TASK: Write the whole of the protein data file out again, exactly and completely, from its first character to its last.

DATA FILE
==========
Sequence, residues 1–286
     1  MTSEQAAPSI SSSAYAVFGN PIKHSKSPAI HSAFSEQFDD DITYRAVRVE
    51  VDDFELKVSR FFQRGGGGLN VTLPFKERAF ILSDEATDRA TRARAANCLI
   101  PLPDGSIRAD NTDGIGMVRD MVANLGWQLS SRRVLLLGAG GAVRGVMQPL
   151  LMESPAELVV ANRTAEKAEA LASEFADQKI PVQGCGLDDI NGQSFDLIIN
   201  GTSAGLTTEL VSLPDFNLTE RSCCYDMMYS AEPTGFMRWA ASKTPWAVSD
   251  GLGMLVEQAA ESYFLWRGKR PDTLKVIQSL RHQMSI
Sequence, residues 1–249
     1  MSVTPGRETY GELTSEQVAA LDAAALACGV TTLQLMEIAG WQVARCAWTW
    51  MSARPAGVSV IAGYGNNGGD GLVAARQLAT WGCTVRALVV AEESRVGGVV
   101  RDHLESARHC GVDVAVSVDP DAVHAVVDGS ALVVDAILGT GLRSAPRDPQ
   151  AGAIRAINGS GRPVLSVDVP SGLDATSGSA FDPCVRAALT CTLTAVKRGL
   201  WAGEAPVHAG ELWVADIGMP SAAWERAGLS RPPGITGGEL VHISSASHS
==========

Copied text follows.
Sequence, residues 1–286
     1  MTSEQAAPSI SSSAYAVFGN PIKHSKSPAI HSAFSEQFDD DITYRAVRVE
    51  VDDFELKVSR FFQRGGGGLN VTLPFKERAF ILSDEATDRA TRARAANCLI
   101  PLPDGSIRAD NTDGIGMVRD MVANLGWQLS SRRVLLLGAG GAVRGVMQPL
   151  LMESPAELVV ANRTAEKAEA LASEFADQKI PVQGCGLDDI NGQSFDLIIN
   201  GTSAGLTTEL VSLPDFNLTE RSCCYDMMYS AEPTGFMRWA ASKTPWAVSD
   251  GLGMLVEQAA ESYFLWRGKR PDTLKVIQSL RHQMSI
Sequence, residues 1–249
     1  MSVTPGRETY GELTSEQVAA LDAAALACGV TTLQLMEIAG WQVARCAWTW
    51  MSARPAGVSV IAGYGNNGGD GLVAARQLAT WGCTVRALVV AEESRVGGVV
   101  RDHLESARHC GVDVAVSVDP DAVHAVVDGS ALVVDAILGT GLRSAPRDPQ
   151  AGAIRAINGS GRPVLSVDVP SGLDATSGSA FDPCVRAALT CTLTAVKRGL
   201  WAGEAPVHAG ELWVADIGMP SAAWERAGLS RPPGITGGEL VHISSASHS